Previously, I covered Vimeo Pro’s portfolios, and how to use your own domain or subdomain (i.e. videos.MyDomain.com) on Vimeo’s servers with your own branding. However, Vimeo Pro’s portfolios unfortunately have two major deficiencies: (1) No SSL for HTTPS (Google progressively punishes incompliant websites in search results & in the Chrome browser), and (2) You can’t use your own favicon instead of Vimeo’s. Ahead I’ll explain both of those weaknesses, and show you how to resolve them using a particular WordPress plugin on your own WordPress website.
Ahead in this article, you’ll find the following three sections:
- Uh, oh, no SSL for HTTPS
- Favicon, what’s a favicon?
- Vimeography to the rescue
Uh oh, no SSL for HTTPS
As I wrote back in this March 2016 article, shortly after Google’s historic decree of 2014, where the search giant declared that search results would then favor encrypted sites with SSL via an HTTPS with a padlock… and even display warnings in the Chrome browser for non-compliant sites, I added SSL encryption to all of my active websites and those of most of my clients. Before then, the consensus was that we only needed SSL/HTTPS for websites that accepted credit cards or other confidential information. Everything changed in 2014, but some website owners and services still haven’t gotten the memo, have procrastinated, or have ignored it completely. Now in 2017, the warnings in the Chrome browser for incompliant sites are becoming progressively more sarcastic.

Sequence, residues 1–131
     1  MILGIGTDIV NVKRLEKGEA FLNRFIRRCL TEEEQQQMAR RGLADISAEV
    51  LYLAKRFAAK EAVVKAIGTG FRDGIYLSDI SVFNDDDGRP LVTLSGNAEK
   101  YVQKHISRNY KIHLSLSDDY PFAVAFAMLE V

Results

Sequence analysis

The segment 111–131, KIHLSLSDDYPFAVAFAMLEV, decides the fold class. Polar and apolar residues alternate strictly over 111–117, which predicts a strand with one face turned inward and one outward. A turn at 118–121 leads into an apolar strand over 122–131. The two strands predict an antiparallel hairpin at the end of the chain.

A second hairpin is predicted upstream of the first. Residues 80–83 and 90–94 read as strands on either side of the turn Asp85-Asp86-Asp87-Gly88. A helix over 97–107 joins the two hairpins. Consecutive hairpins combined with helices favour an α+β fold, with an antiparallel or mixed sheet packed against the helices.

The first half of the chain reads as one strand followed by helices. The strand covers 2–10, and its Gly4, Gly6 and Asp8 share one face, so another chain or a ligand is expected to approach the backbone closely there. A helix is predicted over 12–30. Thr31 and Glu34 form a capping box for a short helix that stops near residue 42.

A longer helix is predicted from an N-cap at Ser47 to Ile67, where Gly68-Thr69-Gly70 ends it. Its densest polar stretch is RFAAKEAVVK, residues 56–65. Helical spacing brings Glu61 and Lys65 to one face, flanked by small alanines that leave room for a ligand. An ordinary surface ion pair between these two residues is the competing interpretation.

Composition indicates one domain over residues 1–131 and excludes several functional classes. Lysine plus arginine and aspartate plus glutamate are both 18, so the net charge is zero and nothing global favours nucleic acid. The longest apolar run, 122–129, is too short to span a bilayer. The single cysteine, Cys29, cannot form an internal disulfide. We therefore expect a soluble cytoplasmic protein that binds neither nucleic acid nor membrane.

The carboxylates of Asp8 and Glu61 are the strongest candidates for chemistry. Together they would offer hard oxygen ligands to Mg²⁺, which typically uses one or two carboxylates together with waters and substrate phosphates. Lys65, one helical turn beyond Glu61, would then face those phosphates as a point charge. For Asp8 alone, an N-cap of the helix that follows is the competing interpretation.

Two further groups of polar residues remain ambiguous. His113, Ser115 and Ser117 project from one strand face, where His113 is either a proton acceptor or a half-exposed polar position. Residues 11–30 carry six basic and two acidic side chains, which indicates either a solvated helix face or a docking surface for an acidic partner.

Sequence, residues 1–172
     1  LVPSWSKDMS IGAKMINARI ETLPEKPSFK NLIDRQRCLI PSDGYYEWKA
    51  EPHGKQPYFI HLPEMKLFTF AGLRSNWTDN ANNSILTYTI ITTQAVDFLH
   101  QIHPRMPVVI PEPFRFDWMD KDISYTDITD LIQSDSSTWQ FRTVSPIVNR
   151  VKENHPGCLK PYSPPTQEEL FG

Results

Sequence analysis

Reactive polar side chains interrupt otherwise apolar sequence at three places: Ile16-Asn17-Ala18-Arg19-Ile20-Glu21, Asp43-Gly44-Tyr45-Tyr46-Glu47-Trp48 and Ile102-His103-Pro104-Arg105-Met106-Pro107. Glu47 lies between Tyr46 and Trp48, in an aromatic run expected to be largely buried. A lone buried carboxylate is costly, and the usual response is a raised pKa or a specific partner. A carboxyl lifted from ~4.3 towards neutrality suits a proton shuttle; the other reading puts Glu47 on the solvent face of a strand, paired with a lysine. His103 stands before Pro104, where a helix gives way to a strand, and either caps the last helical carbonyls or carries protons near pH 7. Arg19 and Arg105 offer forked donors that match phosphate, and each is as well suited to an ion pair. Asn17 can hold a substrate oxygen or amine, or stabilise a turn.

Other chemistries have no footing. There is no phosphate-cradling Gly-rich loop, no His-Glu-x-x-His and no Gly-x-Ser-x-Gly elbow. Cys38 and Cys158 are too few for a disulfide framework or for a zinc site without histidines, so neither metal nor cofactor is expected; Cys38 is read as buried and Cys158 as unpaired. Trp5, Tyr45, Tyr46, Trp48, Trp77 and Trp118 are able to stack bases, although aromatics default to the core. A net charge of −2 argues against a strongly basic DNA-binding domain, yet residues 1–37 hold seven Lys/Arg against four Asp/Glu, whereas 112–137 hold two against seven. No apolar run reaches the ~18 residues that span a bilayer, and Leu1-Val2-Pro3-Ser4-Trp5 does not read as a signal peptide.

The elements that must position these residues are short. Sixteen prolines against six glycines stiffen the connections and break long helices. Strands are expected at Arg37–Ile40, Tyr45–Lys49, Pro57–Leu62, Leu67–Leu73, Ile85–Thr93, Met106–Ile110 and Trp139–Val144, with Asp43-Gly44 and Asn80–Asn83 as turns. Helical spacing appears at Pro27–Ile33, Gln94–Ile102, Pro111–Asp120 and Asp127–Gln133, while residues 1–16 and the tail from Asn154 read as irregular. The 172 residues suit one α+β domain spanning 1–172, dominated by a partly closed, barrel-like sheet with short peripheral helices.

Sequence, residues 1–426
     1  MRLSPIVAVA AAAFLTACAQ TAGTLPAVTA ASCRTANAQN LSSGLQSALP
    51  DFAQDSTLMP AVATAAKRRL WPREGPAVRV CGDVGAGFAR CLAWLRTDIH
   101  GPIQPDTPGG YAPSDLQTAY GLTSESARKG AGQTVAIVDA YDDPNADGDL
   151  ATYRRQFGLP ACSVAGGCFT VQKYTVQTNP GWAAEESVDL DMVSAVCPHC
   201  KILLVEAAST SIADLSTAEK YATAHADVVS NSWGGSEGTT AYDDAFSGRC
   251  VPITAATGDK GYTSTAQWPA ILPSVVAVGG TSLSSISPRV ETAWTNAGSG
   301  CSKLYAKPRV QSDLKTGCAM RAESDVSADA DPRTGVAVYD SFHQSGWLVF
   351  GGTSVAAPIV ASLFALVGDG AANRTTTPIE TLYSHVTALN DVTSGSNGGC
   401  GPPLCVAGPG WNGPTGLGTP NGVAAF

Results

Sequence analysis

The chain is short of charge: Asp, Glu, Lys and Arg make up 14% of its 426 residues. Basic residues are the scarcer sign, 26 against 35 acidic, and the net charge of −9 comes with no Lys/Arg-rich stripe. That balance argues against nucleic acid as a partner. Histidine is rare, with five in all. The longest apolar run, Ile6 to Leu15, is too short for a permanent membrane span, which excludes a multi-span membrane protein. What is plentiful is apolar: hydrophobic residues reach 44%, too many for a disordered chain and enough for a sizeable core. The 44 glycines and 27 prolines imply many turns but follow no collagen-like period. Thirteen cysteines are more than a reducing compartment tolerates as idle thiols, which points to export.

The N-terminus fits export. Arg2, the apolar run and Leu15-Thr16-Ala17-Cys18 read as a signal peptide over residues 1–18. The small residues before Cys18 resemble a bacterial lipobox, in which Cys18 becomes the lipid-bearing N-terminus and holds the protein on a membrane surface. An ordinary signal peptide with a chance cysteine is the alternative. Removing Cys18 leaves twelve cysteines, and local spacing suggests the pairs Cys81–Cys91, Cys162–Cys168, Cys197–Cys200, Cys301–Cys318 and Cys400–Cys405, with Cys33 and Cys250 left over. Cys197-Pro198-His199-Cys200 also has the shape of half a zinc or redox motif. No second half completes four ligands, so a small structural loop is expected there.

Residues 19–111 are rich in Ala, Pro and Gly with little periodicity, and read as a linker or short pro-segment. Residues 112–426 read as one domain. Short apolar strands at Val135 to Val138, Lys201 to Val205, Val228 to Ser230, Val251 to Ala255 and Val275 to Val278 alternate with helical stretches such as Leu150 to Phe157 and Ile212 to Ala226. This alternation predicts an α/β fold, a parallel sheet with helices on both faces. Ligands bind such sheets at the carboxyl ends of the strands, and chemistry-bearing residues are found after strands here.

Here is a very short summary about the traditional benefits of SSL via HTTPS. When you visit a website with a grey padlock in Safari, or a green padlock in browsers like Chrome, Edge, Firefox or Opera, you get the following benefits:
- You will be sure that you reached the exact website you wanted to visit, not a cloned site often used in phishing attempts.
- Your ISP cannot inject X-UIDH into the traffic to track you for its advertisers.
- Your credit cards, passwords and other confidential information you may enter will be unreadable to middle-in-the-man hackers who try to “sniff” the information.
New SEO advantages of SSL
(SEO = search engine optimization.)
Ever since its decree of 2014, Google —the search engine giant— favors websites with SSL via HTTPS in its search results. This is a euphemism for punishing websites that don’t have it. This is critical if you expect to be found by people who search for sites which cover keywords they enter. It’s one of three key Google decrees I always take into account in configuring my sites and those of my clients.